So I'm sitting in the Sailors Bar, and a young guy comes up to me with a big backpack, and asks me if I speak German. Well! Naturally, yes, I was living in Berlin for a year, of course I can speak German! Blah blah blah blah blah blah La Palma. That's what he sounded like. All I could understand was La Palma. Ok, so I can't speak German, other than to order Wurst and large beers, so we will have to switch to English. It turns out this young German wishes to get a lift to La Palma (another Island). I thought about this for awhile, and then I said, "No, but maybe La Gomera." He wasn't interested in La Gomera, and I wasn't interested in La Palma, so then he asked if he could sleep on my boat. As you know my boat is only 26metres long (sorry, I mean feet), but I agreed he could stay for one night.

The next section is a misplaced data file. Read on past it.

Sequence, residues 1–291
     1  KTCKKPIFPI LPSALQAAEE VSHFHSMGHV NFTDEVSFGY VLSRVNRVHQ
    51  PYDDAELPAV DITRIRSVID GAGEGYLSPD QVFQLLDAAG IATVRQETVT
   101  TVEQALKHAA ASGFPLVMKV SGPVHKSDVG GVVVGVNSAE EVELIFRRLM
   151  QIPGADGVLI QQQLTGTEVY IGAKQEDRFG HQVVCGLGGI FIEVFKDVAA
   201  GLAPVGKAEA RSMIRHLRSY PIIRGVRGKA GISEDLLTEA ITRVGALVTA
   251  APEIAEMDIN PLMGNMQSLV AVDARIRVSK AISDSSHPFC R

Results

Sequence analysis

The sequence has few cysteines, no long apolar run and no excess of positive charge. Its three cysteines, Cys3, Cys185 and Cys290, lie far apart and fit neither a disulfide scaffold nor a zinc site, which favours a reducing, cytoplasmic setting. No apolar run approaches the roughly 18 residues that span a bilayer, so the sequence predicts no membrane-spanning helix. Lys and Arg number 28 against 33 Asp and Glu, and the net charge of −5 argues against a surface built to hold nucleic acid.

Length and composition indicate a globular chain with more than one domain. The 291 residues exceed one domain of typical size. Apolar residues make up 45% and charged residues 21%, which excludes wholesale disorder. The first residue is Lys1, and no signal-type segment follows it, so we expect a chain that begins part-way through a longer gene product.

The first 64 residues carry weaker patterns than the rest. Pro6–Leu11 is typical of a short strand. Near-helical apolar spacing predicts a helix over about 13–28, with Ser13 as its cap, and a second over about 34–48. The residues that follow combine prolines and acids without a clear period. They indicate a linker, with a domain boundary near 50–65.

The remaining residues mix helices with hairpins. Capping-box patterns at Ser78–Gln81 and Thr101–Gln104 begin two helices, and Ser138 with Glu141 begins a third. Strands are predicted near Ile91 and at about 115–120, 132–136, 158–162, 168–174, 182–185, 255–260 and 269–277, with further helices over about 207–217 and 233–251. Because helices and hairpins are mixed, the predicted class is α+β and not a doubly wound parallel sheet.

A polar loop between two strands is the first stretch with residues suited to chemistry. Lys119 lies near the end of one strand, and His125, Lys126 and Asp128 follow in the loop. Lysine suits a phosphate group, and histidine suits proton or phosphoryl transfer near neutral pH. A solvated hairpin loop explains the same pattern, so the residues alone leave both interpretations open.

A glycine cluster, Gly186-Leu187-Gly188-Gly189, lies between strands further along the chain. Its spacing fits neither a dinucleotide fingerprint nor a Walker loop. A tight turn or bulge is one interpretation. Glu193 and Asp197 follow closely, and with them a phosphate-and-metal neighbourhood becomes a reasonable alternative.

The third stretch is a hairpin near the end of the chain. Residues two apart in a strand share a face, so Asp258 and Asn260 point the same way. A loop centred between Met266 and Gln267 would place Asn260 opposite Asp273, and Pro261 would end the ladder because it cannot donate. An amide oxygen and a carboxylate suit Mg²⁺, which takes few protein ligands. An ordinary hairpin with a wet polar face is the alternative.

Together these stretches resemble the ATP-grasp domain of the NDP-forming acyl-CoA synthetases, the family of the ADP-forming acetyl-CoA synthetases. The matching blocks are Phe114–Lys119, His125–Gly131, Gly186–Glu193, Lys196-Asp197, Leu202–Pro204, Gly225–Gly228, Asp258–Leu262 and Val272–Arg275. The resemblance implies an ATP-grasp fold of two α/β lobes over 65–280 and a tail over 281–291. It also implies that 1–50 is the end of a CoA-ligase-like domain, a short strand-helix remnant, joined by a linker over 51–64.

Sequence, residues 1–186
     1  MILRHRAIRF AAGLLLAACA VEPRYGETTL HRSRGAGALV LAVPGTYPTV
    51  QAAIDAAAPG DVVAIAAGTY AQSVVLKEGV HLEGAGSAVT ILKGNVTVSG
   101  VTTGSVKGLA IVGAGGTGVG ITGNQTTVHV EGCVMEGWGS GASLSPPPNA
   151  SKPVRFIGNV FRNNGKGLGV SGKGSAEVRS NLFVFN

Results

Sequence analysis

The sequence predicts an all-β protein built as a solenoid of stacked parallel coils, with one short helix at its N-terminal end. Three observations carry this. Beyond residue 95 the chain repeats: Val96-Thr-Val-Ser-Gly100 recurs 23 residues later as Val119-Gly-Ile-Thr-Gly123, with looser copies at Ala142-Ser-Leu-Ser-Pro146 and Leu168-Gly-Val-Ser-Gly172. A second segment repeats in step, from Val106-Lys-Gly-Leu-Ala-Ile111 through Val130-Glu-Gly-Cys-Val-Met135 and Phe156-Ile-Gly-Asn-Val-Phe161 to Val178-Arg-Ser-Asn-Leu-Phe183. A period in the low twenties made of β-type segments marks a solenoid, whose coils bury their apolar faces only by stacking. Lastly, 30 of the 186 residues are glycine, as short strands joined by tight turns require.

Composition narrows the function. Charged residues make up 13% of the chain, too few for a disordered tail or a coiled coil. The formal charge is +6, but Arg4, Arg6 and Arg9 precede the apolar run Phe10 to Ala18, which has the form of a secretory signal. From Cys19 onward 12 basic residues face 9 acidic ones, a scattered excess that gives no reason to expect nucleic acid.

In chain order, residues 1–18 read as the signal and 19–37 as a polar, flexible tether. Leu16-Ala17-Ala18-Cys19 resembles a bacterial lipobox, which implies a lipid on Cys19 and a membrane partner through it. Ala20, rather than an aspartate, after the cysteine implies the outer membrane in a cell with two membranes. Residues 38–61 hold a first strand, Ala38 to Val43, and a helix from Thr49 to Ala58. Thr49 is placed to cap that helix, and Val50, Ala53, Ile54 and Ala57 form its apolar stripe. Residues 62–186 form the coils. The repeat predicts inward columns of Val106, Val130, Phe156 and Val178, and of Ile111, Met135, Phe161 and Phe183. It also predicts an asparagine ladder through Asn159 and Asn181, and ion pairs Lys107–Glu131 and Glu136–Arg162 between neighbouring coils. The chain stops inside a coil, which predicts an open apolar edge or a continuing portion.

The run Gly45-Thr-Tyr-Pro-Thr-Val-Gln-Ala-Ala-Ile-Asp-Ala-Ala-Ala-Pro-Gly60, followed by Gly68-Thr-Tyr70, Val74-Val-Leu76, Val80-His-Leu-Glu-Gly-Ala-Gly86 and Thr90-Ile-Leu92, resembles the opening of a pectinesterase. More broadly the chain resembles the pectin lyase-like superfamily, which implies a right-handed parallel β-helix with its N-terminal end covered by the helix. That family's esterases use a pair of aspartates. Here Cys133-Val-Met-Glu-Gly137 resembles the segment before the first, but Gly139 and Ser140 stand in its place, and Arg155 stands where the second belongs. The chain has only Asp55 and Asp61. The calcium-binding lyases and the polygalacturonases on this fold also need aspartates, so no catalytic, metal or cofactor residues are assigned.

Later that day, a girl walked briskly into the Sailors Bar with a big backpack, and then disappeared again down the street. I thought it was a rather curious act, but ignored it and went back to drinking my tap water and surfing the web, leaving just before dark for a swim. As I was returning to the boat, I saw this same girl on the beach, and asked her what she was doing. She said she was French, and waiting for a ferry to another island. I asked her when the ferry left, and she said "tomorrow". At which point it was ascertained, she was intending on sleeping on the beach. So I asked her what she thought of Germans, and she seemed pretty non-chalant about them, so I said she could sleep on my boat if she didn't mind sharing the rather small space with myself and a German backpacker, because it was safer than the beach. Now... I know what you're thinking: You're thinking "gosh Nick is SO GENEROUS asking French girls to sleep on his boat" ... ! My next door neighbour (his name is Paul) later told me he uses a similar line with Spanish girls, something along the lines of "it's not safe to sleep at home, I have a catamaran!". But truly, as this girl tells me she will be sleeping on the beach, all I could think of was my Portuguese friends and all the other generous people on my trip. My boat is hardly the Hilton, and the cupboards are only stacked with Pasta, but it seemed it was the least I could do. Besides, I wanted to write some jokes down that started with "What do you get when an Australian, a German and a French..." etc.